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Governor taps ex-WellPoint CEO Braly for IEDC board

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Former WellPoint Inc. CEO Angela Braly has been named by Gov. Mike Pence to serve as a board member of the Indiana Economic Development Corp.

The appointment, made public on Tuesday, is the first high-profile post that Braly, 51, has accepted since she she was ousted from the top spot at the Indianapolis-based health insurer in August.

"An expert in her field, Angela Braly brings to the table an extensive background in the health insurance industry," Pence said in a prepared statement. "Her corporate leadership and national reputation will help us tell Indiana's story both nationally and internationally in the coming years."

Pence also named to the IEDC board Jim Schellinger, an Indianapolis architect and former Democratic gubernatorial candidate, and Rick Johnson, CEO of Columbus-based venture capital firm Johnson Ventures.

The IEDC is a private entity funded by the state government to give tax incentives and training grants to companies looking to expand in Indiana. The three new members will join seven existing members of the IEDC board, in addition to Pence, who serves as its chairman.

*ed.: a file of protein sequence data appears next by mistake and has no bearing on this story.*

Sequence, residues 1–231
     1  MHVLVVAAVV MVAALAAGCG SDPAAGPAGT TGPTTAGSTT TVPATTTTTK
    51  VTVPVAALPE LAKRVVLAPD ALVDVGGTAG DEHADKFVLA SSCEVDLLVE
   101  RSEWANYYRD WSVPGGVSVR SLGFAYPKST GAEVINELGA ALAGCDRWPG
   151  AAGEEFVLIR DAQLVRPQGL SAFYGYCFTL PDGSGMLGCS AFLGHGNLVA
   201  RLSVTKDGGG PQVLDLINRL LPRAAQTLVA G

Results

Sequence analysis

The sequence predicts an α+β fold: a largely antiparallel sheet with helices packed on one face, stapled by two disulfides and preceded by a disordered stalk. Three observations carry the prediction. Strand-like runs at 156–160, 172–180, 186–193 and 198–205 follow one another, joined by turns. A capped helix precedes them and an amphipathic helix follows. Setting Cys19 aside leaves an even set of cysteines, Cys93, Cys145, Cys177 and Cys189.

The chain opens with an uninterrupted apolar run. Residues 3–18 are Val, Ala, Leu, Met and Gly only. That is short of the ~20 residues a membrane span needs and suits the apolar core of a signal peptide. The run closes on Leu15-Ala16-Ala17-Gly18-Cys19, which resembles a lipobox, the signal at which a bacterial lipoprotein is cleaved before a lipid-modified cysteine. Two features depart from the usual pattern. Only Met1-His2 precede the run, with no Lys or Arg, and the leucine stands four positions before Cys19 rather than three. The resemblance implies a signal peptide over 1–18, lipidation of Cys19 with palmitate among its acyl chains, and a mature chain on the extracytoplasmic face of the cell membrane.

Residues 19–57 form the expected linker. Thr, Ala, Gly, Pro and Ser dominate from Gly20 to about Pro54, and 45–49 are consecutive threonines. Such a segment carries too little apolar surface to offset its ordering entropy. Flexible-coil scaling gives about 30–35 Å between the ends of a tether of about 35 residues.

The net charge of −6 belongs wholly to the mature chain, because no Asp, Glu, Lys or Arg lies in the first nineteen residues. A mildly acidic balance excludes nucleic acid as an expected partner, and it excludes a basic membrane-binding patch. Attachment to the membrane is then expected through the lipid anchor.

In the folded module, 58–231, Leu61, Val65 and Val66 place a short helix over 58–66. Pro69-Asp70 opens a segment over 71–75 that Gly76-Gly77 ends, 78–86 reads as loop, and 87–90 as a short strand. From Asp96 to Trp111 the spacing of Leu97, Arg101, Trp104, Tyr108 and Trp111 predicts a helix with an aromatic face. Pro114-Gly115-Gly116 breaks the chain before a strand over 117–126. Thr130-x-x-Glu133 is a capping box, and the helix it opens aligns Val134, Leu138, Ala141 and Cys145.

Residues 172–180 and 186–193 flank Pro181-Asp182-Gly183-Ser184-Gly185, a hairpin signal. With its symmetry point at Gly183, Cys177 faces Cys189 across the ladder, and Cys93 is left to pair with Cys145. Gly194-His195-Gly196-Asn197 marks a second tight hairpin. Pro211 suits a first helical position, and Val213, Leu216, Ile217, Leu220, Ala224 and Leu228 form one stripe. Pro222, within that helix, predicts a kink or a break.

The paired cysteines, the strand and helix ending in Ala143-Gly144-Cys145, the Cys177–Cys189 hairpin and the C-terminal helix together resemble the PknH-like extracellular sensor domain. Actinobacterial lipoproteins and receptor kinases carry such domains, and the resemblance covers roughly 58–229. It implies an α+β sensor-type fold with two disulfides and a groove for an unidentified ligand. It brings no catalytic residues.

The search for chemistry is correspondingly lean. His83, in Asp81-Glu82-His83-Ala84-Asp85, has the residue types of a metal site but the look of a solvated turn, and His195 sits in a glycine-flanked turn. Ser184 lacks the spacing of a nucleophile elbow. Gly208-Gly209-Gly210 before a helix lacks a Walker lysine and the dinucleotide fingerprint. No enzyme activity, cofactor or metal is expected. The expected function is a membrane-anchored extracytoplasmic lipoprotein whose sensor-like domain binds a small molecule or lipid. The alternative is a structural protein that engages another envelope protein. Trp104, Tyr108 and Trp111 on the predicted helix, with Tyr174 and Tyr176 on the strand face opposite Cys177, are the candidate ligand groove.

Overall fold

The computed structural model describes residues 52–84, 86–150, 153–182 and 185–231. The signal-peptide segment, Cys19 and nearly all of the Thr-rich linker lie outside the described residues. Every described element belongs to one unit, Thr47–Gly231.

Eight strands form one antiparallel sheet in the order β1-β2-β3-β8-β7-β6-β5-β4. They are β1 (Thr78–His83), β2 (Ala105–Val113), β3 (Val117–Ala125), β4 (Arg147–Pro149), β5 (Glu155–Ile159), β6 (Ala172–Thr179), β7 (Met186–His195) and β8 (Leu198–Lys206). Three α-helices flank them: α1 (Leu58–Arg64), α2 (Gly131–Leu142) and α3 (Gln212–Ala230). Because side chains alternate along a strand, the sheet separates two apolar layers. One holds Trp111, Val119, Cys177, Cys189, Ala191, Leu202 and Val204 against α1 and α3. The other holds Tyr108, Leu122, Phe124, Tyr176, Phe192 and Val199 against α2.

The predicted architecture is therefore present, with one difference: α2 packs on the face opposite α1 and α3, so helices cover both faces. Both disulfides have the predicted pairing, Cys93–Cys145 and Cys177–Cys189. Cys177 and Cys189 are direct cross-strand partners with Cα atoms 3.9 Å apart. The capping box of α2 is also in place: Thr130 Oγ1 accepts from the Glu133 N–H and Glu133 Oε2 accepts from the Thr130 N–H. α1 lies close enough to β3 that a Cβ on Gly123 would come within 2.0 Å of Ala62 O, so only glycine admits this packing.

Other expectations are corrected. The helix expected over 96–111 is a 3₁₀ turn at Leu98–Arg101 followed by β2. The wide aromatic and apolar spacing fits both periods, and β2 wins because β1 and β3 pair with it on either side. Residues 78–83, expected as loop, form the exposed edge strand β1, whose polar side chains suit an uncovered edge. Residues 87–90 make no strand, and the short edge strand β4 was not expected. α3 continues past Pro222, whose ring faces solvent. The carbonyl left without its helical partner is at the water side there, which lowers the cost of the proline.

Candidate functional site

Braly’s tenure leading WellPoint was rocky, in part because WellPoint was painted by President Obama’s administration as the poster child of health insurance abuses during the lengthy debate of the president’s health reform law.

Financial and operational missteps ultimately led investors to demand Braly’s ouster last summer.

The board of directors, which liked Braly, relucantly concluded she had to go. But the board allowed her to remain on the payroll long enough to collect additional stock awards that boosted the value of her compensation last year to $20.6 million.

In February, WellPoint hired Joe Swedish, a longtime hospital executive, to replace Braly. WellPoint is Indiana's largest public company, ranking No. 47 on the new Fortune 500 list.

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  • You've got to be kidding
    The only economic development Braly has been successful at has been her own. She's a disgrace and a poster child for all that has been and will be wrong about the health insurance industry. Very poor choice.

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